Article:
← Issue 1
by J. Ethan Hoffman
He’ll walk in with a bell to announce him. He’ll look over everything I’ll have to offer, eyes scanning meticulously over my modest offerings. I might have what he needs and I might not. Either way, it will always be a disappointment.
I’ll be 22, standing 5’11” and a little underweight. I’ll have a tendency to make myself smaller, diminishing in my stool behind my register. My legs will cross, my back will slouch, and my arms will fold over my torso almost completely obscuring my frame. I will wear something ordinary but will always feel unusual in it.
He will be tall and athletic. He’ll be 25 and reach over 6 foot. His eyes will be bluer and his hair will be sandier than the enhanced ocean in the postcards I’ll sell just three steps away from where I sit. He will stand with his back leaned and his hips extended. He’ll wear a white button-down scrawled with the silhouettes of black palm trees, not like the ones here on Guam, but tall like the ones I’ve seen in California. That shirt will be messily tucked into navy blue shorts and will become loose in the front because of his posture.
All he’ll need from me are directions, but he’ll feel guilty walking out empty-handed. He’ll walk through the aisles of my store to try and find something he’ll want. He’ll realize about halfway through his search that I only offer American products—Doritos, Oreos, Coca Colas—and feel slightly disappointed but ultimately relieved. He’ll pick up a pack of Trident gum and a bottle of Aquafina before settling in front of me. I’ll stand up.
“Are you from Guam?” he’ll ask in a loud, vulgar tone in an attempt to be polite. His mouth will open wider with every vowel, and he will speak so slowly that his question will take twice as long as necessary to get out.
I’ll answer in my best approximation of perfect English as if to shame him and rub his nose in it. His blush will deepen with every word I’ll say, and I’ll relish in my punishment. I’ll tell him a story about growing up here and throw in a spiel about how long my family has run this store. It’ll feel like I’m a hypnotist, waving a pocket watch in front of him and telling him to feel embarrassed.
“I’m from Washington, actually. I’m visiting because my dad lived here for a little while when he was younger and wanted to come back. The old man wants to relive some memories, I guess.”
I’ll notice a subtle shift within him. He’ll cross his right arm over his chest and rest the palm on his shoulder. His other hand will dangle at his hip, with his thumb hooked on one of the belt loops on his shorts. His head will be lowered so that his eyes will have to look up when talking to me.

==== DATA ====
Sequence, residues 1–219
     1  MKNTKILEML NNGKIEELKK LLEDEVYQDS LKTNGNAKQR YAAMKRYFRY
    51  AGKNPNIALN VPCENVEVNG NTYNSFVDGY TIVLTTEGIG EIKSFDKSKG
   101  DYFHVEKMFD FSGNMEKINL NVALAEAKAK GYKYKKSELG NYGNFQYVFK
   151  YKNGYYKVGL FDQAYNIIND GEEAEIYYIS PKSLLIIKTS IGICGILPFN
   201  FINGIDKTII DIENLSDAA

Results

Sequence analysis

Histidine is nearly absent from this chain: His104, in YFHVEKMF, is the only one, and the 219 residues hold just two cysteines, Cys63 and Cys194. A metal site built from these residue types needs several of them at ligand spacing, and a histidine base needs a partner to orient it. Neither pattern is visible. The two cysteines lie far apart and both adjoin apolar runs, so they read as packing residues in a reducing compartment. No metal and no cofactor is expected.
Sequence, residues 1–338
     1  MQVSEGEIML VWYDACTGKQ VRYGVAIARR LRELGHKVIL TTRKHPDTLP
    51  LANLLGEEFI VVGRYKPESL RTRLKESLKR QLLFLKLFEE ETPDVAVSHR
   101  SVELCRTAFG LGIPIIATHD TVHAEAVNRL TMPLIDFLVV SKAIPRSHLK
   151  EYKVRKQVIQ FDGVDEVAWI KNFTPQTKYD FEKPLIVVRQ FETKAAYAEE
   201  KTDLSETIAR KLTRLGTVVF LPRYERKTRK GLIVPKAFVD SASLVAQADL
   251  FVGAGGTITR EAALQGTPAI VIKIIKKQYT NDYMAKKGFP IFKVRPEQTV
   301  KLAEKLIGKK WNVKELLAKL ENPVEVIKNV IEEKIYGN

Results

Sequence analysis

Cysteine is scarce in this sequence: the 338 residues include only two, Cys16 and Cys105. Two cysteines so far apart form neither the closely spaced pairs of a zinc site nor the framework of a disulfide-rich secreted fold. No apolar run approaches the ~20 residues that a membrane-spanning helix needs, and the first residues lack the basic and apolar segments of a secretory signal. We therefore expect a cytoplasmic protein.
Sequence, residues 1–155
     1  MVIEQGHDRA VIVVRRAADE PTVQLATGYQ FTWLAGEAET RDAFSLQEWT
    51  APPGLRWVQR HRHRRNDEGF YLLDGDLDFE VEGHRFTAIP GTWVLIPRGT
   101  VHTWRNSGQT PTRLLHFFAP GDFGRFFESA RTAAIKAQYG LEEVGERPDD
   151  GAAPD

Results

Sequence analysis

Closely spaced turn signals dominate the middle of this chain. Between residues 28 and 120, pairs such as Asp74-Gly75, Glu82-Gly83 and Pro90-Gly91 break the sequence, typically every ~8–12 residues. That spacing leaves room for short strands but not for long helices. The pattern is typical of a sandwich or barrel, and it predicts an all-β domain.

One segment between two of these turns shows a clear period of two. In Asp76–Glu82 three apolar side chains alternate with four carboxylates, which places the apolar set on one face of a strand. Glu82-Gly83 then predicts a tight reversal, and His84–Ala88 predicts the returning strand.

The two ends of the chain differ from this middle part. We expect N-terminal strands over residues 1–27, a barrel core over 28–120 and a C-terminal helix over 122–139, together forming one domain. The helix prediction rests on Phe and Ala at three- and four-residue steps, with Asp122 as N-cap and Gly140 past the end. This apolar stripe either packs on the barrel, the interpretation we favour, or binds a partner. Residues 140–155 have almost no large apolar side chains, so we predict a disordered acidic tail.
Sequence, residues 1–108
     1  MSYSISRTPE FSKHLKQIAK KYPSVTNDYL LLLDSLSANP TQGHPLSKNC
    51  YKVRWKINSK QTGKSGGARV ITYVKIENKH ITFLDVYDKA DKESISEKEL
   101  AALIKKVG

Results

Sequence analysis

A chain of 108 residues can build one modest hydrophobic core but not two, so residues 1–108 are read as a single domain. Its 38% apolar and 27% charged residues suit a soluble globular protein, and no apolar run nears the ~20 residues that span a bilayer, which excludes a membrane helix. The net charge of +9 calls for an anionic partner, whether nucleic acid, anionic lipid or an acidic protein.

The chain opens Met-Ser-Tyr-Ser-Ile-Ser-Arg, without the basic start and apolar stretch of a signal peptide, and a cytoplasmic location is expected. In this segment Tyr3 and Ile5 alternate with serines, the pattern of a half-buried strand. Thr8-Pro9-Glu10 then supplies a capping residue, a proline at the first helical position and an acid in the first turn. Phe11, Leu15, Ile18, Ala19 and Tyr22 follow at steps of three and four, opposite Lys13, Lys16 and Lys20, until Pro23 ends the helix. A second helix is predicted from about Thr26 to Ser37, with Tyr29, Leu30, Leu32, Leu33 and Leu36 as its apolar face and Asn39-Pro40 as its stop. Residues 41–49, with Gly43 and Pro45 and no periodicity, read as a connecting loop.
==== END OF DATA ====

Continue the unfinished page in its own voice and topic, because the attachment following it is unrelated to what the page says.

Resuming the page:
“Yeah,” he’ll chuckle, biting the inside of his cheek. “I’m a little sunburned. Thanks for noticing. I guess my sunscreen isn’t strong enough.”
I’ll laugh at him and become a little overzealous with the swing of the pocket watch. He’ll continually underestimate me, expecting some kind of cultural difference to arise when I’ll know there is none. I’ll make him laugh or blush just to feel some sense of control. I’ll exercise what little power I have for the brief amount of time we’ll share since I’ll have nothing else to do.
I’ll be two years into getting my English degree when my money will run out. I’ll be too embarrassed to tell anyone and leave California without lingering. Without much fight, I’ll return to Guam and work in my mother’s store, the one that funded my college affair.
I’ll spend the whole day at work then come home alone to my childhood bedroom at night. If I need entertainment, I’ll put on a movie. For a while, I’ll stop reading. The length of a book will intimidate me and I’ll decide it’s too much of an investment to start something I might not finish. At most, I’ll walk around the potato chip aisle to stretch and read the little paragraphs that talk about how flavor-packed each brand claims they are. Months later, I’ll give books another chance and actually complete a few. But I’ll never be the reader I used to be. I’ll never be able to escape again knowing that I’ll never leave.
“I’m actually staying at the Hilton. Would you know how to get there by any chance?”
My instructions won’t be long since the hotel isn’t far away. I’ll use my arms to unnecessarily illustrate every turn and try to give the best description I can of what he’ll see. My ego will swell as I see how intensely his eyes will follow me and how carefully he’ll be listening. As soon as I’ll reach the destination and speak my final word, I’ll feel his concentration break. I’ll no longer hold any power over him.
He’ll pay for his gum and water and then we’ll smile at each other now that he can leave. I’ll watch him walk out and see him stand in the sunlight. He’ll stretch out his arms and his body will swell in a yawn.
We’ll never know each other’s names but it won’t matter. The next time I’ll see him, he’ll be a 43-year-old single, businessman from Kyoto, Japan. The time after that, he’ll be a 35-year-old lawyer and mother of two from the Philippines. And every time after, I’ll be here for him when he needs to know how to leave.
J. Ethan Hoffman is a Palauan-American author, born and raised on Guam. He is now an undergraduate at La Sierra University, pursuing a BA in English: creative writing. He currently lives in Riverside, California and serves as a features editor for the Criterion, a student-run newspaper at La Sierra.